# Removing code smell from Room Booking code

I am new with coding and I recently read an article about code refactoring, so I have made a console application for booking rooms on a ship. I need help with code refactoring. As far as I understand the refactoring, I think in my project there are only 2 parts where I need refactoring, which are as follows.

One is a block of for statements:

    ship1 = new Ship("Olympic Countess");

ArrayList groupA = new ArrayList();
for (int i = 0; i < 10; i++)
{
groupA.Add(new room(5000, "A" + (i + 1)));
}

ArrayList groupB = new ArrayList();
for (int i = 0; i < 10; i++)
{
groupB.Add(new room(4000, "B" + (i + 1)));
}

ArrayList groupC = new ArrayList();
for (int i = 0; i < 30; i++)
{
groupC.Add(new room(3500, "C" + (i + 1)));
}

ArrayList groupD = new ArrayList();
for (int i = 0; i < 36; i++)
{
groupD.Add(new room(3400, "D" + (i + 1)));
}

ArrayList groupE = new ArrayList();
for (int i = 0; i < 40; i++)
{
groupE.Add(new room(3300, "E" + (i + 1)));
}

ArrayList groupF = new ArrayList();
for (int i = 0; i < 30; i++)
{
groupF.Add(new room(3400, "F" + (i + 1)));
}

ArrayList groupG = new ArrayList();
for (int i = 0; i < 36; i++)
{
groupG.Add(new room(3300, "G" + (i + 1)));
}

ArrayList groupH = new ArrayList();
for (int i = 0; i < 40; i++)
{
groupH.Add(new room(3200, "H" + (i + 1)));
}

ship1.addDeck("Balcony Suite", groupA);
ship1.addDeck("Suite", groupB);
ship1.addDeck("Deck 3 - Outside Twin", groupC);
ship1.addDeck("Deck 2 - Outside Twin", groupD);
ship1.addDeck("Deck 1 - Outside Twin", groupE);
ship1.addDeck("Deck 3 - Inside Twin", groupF);
ship1.addDeck("Deck 2 - Inside Twin", groupG);
ship1.addDeck("Deck 1 - Inside Twin", groupH);
}


and the other one is the if else statement as follows:

public Reservation bookPassage(String cabinclass, Customer booker, int number)
{
ArrayList cabins;
if (cabinclass.Equals("a", StringComparison.OrdinalIgnoreCase))
cabins = ship1.getDeck("Balcony Suite");
else if (cabinclass.Equals("b", StringComparison.OrdinalIgnoreCase))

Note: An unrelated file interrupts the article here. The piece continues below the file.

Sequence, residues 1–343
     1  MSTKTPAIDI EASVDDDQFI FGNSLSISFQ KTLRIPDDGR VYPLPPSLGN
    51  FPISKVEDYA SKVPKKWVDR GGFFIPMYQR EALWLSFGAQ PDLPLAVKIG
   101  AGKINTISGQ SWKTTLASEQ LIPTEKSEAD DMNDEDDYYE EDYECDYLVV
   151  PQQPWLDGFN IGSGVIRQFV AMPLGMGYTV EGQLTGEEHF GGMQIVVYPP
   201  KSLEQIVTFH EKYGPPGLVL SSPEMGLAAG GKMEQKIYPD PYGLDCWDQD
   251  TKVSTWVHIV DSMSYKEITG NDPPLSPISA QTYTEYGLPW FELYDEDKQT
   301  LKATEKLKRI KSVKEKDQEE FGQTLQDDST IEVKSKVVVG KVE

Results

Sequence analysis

cabins = ship1.getDeck("Suite");
else if (cabinclass.Equals("c", StringComparison.OrdinalIgnoreCase))
cabins = ship1.getDeck("Deck 3 - Outside Twin");
else if (cabinclass.Equals("d", StringComparison.OrdinalIgnoreCase))
cabins = ship1.getDeck("Deck 2 - Outside Twin");
else if (cabinclass.Equals("e", StringComparison.OrdinalIgnoreCase))
cabins = ship1.getDeck("Deck 1 - Outside Twin");
else if (cabinclass.Equals("f", StringComparison.OrdinalIgnoreCase))
cabins = ship1.getDeck("Deck 3 - Inside Twin");
else if (cabinclass.Equals("g", StringComparison.OrdinalIgnoreCase))
cabins = ship1.getDeck("Deck 2 - Inside Twin");
else
cabins = ship1.getDeck("Deck 1 - Inside Twin");


What I don't understand is that my parameters are changing in both logic, so how can I make a separate method for this logic when my cabin class is changing every time?

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I recommend you post a follow-up question to this after a few days and reviews containing your full code. Your complete approach seems a little "off". –  Vogel612 Aug 27 '14 at 8:39

## 5 Answers

What you are missing here is an enum-structure.

Enums are the tool of choice for predefined finite collections, that are typesafe.

public enum CabinClass
{
ClassA, ClassB, ClassC, //...
}


You could then Change your cabinclass from a String to a CabinClass.

Then that whole if-else construct becomes a trivial Switch-Case block:

public Reservation BookPassage (CabinClass cabinClass, Customer booker, int number)
{
ArrayList cabins;
switch (cabinClass)
{
case CabinClass.ClassA:
cabins = ship1.GetDeck("Balcony Suite");
break;
case CabinClass.ClassB:
cabins = ship1.GetDeck("Suite");
break;
// ...
}
// whatever else you do here.
}


There's a few issues aside from this "design-flaw". Especially that's Naming:

The convention in is to name methods with PascalCase, private fields, parameters and variables in camelCase. This introduces a few changes, that I already did in the code I posted.

Additionally you should definitely look into Properties. They are one of the core features in C#. They allow code like this:

ship1.Decks["Balcony Suite"].Rooms;


The rest is hard to review, because there's still much context missing.

-

None of this information should be written into your program's source code. Rather, it should be stored in a configuration file, perhaps in XML, JSON, or YAML format — or maybe stored in a database instead. Not only would your code be less repetitive, it would also be more flexible, in that you wouldn't have to rebuild the application just to change trivial things such as product offerings and prices.